The good news is, the combat was a small step forward in my mind. It’s the same basic style of action points, defending with precise timing and trying to string together enough attacks to devastate your enemies. The strategy on whom to use and how to use them feels a bit more open-ended in Revenants, and the end result is more enjoyable combat. One of our two protagonists – Rowena – heads this part of the game up. The focus is on finding (or with a perfectly timed block, creating) openings for unleashing counter attacks. There is a lot of fighting to be had here, but it’s generally enjoyable even if the characters again don’t really progress in typical RPG fashion.

Outside of the combat, our other protagonist is Lucien, who has to handle the more political side of things. It’s still choices made against a timed deadline as you have to try and make the best out of a less-than-ideal situation. This is where a bit more of the world building happens, but it again feels a tad too rushed at times for my liking. I suspect that is the intent, like the choices from Rise to Glory being set against a timer as well, to increase the sense of urgency. It just sometimes led me to feeling like I didn’t fully understand the assignment before turning in my homework.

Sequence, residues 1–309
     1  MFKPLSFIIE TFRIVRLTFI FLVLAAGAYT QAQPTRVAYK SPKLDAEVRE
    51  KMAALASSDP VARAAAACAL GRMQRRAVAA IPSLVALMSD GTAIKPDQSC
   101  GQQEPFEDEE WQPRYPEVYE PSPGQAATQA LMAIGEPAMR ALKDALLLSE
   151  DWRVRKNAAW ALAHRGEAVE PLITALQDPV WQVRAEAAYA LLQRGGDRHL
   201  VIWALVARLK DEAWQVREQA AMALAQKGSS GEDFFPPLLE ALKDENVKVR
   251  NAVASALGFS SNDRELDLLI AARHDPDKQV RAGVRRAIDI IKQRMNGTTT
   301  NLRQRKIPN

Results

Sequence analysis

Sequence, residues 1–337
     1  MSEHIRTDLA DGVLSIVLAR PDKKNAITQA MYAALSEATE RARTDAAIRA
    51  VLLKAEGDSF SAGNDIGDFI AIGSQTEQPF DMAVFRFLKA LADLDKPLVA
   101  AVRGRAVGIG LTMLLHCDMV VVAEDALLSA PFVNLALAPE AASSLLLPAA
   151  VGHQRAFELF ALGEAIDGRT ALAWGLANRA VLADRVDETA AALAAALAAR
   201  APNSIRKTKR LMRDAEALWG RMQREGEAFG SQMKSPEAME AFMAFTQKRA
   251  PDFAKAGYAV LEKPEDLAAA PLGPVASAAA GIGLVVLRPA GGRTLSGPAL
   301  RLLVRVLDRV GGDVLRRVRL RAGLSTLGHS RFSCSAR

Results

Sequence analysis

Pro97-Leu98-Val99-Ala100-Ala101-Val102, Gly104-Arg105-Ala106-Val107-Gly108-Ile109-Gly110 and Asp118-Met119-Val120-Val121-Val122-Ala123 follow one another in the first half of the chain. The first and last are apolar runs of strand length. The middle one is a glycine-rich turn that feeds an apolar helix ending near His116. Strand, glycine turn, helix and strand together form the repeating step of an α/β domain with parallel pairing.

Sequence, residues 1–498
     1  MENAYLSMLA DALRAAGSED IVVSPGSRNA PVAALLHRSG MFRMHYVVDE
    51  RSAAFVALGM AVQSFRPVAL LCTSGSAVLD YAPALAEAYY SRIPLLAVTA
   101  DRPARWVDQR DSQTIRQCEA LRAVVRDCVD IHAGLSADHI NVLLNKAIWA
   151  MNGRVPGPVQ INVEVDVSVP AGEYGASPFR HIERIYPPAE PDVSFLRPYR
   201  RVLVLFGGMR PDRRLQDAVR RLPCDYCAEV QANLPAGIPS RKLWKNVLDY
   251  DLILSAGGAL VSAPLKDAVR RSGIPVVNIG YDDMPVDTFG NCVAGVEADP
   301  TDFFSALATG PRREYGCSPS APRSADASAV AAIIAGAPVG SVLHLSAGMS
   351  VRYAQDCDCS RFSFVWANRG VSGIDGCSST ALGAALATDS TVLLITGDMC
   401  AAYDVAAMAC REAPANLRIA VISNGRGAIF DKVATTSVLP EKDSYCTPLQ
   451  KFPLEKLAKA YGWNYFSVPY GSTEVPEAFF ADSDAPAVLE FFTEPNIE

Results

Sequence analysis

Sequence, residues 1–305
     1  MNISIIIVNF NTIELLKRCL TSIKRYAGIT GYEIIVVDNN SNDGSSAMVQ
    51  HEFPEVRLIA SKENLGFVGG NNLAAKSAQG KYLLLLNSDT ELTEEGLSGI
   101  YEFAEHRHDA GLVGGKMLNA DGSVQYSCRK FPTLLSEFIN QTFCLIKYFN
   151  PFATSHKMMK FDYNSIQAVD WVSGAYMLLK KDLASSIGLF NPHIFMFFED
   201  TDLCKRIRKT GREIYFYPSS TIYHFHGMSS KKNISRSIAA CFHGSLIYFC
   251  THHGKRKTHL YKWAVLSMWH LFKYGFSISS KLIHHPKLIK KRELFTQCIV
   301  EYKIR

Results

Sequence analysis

In all, the Fallen Legion: Rise to Glory / Fallen Legion Revenants packed is a well-made one that should provide north of a couple dozen hours of gameplay. The action / strategy mix is unique and can create for some rewarding experiences, even if the combat and character progression didn’t always have quite as much depth as I like from my more traditional RPGs. The presentation is a solid one and the world that these games are set in is interesting, if perhaps not as deeply explored as I would have liked in the end. Still, the overall experience is worth having for those looking for a different take on the strategy genre.

Score: 7 / 10